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Unformatted text preview: carmakers—having captured baby
boomers with reliable entry-level products in the 1970s and having moved
upscale in lockstep with boomers ever since—are masters of targeting.
Ford likewise focused on boomers in relaunching the F-150 pickup in the
1990s. Breaking with tradition, the design team started not with a set of
product features but with the styles, needs, and values—identiﬁed through 139 (134-143)Q1'02_AutoBrand_v8 140 1/7/02 10:55 AM Page 140 T H E M c K I N S E Y Q U A R T E R LY 2 0 0 2 N UM B E R 1 consumer research—that motivated its target market. (The team identiﬁed
30 distinct segments and suggested ways to attract each.) Design and
marketing decisions ﬂowed from that early market understanding. Rather
than mimicking the product’s brawny rival (the Dodge Ram pickup), the
team chose a sleeker look with a roomy cab and amenities to appeal to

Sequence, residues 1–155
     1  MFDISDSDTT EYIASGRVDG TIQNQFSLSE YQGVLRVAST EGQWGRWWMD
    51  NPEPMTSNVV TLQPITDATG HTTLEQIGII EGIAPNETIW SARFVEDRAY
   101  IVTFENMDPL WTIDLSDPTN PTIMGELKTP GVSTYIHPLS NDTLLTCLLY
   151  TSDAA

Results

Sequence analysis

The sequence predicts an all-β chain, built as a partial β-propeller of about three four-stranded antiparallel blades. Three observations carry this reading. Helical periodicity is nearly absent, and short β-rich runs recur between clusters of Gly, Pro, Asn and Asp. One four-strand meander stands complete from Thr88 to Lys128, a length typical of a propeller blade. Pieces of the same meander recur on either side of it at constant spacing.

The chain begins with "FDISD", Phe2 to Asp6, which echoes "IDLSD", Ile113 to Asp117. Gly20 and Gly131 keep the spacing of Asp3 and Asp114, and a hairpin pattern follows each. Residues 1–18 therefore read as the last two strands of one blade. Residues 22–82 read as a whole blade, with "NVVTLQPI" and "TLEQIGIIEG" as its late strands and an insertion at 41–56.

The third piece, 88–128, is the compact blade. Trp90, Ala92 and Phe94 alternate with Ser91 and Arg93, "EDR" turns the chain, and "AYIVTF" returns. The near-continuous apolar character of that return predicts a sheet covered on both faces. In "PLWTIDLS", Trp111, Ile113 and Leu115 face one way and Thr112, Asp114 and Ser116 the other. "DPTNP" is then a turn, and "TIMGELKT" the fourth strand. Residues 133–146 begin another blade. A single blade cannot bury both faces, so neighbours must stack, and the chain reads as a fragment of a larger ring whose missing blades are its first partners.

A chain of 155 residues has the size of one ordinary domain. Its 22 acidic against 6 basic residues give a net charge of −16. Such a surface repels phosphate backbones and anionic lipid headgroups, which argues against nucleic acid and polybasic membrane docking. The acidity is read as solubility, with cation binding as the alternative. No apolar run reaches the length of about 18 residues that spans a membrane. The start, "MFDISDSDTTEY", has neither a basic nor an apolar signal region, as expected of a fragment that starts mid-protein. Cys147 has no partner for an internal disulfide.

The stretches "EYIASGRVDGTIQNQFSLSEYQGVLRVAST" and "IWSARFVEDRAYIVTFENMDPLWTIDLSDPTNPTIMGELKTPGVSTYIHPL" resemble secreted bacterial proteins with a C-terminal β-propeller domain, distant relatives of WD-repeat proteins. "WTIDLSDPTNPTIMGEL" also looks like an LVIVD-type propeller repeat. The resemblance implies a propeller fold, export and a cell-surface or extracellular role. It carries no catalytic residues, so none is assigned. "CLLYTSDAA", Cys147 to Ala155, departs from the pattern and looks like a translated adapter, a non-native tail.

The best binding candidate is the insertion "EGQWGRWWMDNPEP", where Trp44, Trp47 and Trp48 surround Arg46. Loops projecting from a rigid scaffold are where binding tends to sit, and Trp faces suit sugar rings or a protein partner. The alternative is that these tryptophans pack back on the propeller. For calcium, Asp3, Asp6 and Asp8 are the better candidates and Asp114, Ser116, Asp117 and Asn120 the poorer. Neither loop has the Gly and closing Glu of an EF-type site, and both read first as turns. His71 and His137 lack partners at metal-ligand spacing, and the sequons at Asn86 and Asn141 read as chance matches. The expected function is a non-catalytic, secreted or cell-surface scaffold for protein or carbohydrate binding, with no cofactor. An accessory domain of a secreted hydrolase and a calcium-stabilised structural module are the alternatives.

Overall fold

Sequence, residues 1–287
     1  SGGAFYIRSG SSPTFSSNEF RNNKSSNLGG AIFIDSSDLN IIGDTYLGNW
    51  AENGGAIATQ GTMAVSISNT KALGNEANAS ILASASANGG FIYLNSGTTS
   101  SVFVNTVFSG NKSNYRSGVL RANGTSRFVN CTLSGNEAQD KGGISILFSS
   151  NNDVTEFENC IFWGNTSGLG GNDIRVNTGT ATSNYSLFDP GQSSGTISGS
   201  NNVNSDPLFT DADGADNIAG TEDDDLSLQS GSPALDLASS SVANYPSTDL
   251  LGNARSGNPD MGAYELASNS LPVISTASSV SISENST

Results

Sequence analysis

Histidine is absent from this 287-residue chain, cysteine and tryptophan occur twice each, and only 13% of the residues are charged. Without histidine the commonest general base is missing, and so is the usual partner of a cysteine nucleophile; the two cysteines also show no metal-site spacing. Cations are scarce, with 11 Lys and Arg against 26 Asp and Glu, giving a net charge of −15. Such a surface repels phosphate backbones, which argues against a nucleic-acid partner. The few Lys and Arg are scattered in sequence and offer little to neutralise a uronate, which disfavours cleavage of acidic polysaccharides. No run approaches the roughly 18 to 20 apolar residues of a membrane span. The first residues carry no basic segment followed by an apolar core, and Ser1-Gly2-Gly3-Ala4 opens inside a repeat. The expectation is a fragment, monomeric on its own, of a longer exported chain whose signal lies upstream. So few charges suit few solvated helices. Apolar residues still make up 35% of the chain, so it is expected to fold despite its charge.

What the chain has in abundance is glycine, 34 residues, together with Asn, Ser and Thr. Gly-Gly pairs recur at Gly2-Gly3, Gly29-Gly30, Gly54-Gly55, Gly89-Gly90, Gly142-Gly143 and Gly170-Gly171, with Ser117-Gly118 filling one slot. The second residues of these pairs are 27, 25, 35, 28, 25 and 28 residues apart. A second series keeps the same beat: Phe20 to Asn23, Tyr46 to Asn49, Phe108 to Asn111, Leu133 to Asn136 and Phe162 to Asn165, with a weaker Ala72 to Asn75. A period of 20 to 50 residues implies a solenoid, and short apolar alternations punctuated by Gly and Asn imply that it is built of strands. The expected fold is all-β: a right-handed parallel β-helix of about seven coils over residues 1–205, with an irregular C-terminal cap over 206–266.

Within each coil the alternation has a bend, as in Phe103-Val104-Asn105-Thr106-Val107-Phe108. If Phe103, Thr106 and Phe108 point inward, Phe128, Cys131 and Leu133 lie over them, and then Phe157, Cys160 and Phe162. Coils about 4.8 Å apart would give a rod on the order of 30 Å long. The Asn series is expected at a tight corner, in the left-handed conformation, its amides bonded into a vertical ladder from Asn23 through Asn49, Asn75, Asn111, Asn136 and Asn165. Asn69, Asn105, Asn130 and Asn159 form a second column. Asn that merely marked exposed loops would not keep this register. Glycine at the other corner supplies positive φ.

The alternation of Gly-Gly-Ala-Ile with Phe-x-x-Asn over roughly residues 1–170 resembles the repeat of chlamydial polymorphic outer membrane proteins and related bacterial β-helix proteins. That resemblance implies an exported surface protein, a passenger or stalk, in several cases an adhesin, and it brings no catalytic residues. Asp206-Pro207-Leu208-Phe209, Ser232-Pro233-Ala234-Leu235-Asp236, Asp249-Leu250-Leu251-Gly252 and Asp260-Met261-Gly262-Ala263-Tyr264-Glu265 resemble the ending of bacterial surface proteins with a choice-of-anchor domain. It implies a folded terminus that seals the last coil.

young families. The success of the F-150, and the holistic approach that
created it, inﬂuenced subsequent product-development efforts. Isolate purchasing bottlenecks
Each car model we studied encountered a bottleneck in the purchase process
(Exhibit 3). Research shows, for instance, that 87 percent of shoppers for
sport utility vehicles (SUVs) are aware of the Chevy Blazer, the best-known car
of its kind. But among
people actively considerWhere is your brand’s bottleneck?
ing the purchase of
an SUV, a lower proLocation of
lower—took the Blazer
• Poor perception of • Consolidate
out for a test-drive than
brands (such as
Considertook out the best-inFamiliarity
of moving from
class Ford Explorer.
into one brand
made the problem clear:
and demanding SUV
buyers liked the Blazer
ConsiderShortwith 2 consumer
on affluent and
but simply did not want
to own a Chevy.
buyers who like to
drive “the best” premium-trim
models For the...
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This note was uploaded on 01/16/2014 for the course MKT 362 taught by Professor Terrywilson during the Spring '12 term at Central Washington University.
- Spring '12